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Muslims end fasting and celebrate Eid al-Fitr

By Hu Yongqi in Urumqi and Kashgar, Xinjiang (China Daily)

Updated: 2015-07-20 07:54:35

Ramadan is over, and it's time for holiday fun

 Muslims end fasting and celebrate Eid al-Fitr

Performers play traditional musical instruments for visitors in Kashgar, the Xinjiang Uygur autonomous region, on Tuesday. Hu Yongqi / China Daily

Ramadan, the monthlong Muslim holy month marked by daily fasting, ended on Saturday with the feast of Eid al-Fitr for the 12 million Muslims in the Xinjiang Uygur autonomous region.

The ninth month of the Islamic calendar, which requires fasting from dawn to sunset, started on June 18. Muslims' five daily prayers can be made at home or mosques, but Muslims in Xinjiang generally pray in mosques during Ramadan.

"Our mosque receives about 1,200 Muslims each day before and after Ramadan. But during Ramadan, more than 3,000 come for prayer each day. The most people we had in a day reached 10,000," said Abdu Rahman, an assistant imam, or prayer leader.

Abdi Ghufur, the muezzin, who calls people to prayer, at Baida Mosque in the regional capital Urumqi, said adult Muslims must fast and pray, but pregnant women, the elderly, children and the sick or injured are not required to participate.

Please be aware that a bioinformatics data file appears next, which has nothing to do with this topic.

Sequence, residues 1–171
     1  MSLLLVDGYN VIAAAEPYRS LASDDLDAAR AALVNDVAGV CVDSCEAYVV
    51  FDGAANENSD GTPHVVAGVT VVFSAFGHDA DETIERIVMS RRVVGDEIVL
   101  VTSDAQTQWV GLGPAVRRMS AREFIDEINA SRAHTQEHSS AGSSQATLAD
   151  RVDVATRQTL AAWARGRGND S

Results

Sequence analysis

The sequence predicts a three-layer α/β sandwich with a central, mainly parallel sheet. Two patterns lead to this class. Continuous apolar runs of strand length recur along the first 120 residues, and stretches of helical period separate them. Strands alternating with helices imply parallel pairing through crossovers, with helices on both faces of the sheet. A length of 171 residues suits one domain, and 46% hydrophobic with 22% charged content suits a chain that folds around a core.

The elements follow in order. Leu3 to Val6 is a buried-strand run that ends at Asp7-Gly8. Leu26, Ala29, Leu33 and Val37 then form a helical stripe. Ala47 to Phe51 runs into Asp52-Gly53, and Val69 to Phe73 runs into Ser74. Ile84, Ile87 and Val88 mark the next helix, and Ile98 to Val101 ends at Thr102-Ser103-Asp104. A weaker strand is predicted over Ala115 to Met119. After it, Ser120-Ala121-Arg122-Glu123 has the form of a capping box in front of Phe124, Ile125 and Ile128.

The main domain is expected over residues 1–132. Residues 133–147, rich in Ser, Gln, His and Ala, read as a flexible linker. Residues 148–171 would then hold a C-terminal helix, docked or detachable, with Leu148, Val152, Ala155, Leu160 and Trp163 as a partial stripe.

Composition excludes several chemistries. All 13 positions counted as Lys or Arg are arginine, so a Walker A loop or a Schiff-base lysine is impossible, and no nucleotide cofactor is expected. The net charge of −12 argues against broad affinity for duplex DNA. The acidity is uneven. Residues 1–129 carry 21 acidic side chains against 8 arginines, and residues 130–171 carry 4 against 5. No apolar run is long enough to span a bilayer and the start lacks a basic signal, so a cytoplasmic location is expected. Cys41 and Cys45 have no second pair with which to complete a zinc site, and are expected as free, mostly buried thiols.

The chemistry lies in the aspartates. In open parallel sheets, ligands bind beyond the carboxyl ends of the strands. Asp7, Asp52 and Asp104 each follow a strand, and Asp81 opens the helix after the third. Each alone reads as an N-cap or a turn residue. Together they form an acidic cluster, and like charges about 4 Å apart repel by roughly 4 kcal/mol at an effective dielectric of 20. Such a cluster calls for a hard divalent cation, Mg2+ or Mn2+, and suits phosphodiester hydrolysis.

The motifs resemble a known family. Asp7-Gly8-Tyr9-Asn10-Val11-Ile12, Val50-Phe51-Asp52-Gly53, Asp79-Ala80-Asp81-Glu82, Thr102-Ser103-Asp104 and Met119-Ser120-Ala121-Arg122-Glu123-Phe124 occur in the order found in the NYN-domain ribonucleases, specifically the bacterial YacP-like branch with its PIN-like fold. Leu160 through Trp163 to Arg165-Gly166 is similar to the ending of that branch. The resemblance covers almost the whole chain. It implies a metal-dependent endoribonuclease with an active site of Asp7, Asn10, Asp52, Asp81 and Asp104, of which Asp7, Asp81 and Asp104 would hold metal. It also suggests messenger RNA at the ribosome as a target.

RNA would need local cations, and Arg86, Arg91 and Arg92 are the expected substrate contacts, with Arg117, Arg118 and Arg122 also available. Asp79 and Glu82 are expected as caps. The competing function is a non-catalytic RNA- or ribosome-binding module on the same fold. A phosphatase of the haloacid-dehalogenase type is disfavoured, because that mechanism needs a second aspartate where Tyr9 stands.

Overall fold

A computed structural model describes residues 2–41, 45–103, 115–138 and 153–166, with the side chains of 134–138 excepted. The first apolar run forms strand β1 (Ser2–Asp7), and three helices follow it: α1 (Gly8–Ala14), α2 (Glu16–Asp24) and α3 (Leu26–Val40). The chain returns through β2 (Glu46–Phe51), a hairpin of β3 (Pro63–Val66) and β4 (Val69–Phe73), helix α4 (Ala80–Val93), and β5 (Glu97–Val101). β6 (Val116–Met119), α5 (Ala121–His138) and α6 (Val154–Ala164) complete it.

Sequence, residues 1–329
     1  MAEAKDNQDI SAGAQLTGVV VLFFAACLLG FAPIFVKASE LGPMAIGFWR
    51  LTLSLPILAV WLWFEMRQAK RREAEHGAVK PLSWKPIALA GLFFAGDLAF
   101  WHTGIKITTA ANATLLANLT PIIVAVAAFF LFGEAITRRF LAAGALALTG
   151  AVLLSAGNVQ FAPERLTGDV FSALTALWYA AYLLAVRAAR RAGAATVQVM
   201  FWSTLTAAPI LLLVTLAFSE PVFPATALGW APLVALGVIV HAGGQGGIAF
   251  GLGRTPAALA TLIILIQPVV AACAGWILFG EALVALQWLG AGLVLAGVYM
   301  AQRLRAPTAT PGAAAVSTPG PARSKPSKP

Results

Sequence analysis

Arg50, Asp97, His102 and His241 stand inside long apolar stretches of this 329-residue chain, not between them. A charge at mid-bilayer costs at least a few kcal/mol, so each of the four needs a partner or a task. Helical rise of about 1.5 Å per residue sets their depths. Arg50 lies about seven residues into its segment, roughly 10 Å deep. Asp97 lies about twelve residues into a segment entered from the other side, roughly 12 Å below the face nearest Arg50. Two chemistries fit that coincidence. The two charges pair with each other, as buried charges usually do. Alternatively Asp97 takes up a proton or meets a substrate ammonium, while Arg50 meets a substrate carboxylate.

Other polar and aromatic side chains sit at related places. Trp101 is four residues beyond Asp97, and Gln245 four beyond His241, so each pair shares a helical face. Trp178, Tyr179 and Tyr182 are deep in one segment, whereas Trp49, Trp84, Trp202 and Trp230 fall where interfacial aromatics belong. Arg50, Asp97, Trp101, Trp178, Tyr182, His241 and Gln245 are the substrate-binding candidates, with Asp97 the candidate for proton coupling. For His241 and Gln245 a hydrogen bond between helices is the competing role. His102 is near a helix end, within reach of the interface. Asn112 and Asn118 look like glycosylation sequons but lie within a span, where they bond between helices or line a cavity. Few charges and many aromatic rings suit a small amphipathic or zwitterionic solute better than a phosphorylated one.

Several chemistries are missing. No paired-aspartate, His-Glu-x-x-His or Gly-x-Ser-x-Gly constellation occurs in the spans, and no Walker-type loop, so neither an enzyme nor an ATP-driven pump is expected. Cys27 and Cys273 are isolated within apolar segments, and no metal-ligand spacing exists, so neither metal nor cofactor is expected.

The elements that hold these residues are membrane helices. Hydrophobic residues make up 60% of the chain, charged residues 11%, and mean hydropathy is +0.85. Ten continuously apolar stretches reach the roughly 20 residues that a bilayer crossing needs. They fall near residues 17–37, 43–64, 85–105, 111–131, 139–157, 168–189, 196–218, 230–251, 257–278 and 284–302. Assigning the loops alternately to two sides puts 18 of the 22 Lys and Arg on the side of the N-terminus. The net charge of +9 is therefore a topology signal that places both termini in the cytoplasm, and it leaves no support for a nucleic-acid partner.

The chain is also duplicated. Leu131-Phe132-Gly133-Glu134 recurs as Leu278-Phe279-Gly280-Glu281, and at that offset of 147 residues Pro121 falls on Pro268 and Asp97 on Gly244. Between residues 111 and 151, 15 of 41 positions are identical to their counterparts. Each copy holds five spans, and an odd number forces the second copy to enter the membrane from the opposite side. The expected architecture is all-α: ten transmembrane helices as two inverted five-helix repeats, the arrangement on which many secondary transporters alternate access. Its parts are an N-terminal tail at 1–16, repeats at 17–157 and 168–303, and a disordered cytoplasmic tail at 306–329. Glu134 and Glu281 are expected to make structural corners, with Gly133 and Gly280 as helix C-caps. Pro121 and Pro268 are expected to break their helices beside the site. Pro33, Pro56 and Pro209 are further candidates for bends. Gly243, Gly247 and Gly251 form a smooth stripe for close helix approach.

There are more than 24,000 mosques in the region, said Ma Pinyan, a researcher at the Xinjiang Academy of Social Sciences.

Muslims make donations at their mosques when they come to pray. Baida Mosque, like others in Urumqi, hires cooks to prepare food. Alimu, a chef at Hualian Hotel, volunteers to help at the mosque every day after work.

"I help cook food here for four hours, just to do something good," he said.

In Kashgar prefecture, in southern Xinjiang, Muslims spend the days of Ramadan as they do for the rest of the year. Huseyin Sidik, an owner of a hat-making workshop with six workers near downtown Kashgar, said his workshop makes about 50,000 hats a year to earn about 150,000 yuan ($24,190).

The workers always fast and pray each day during this period. "At other times of the year, all workers go back to work after lunch. Ramadan means they don't have any food during the daytime. They take a rest for two or three more hours in the afternoon than usual and then make hats again," Sidik said.

Ramadan moves forward 10 days in the Gregorian calendar each year, and rotates every 36 Gregorian years.

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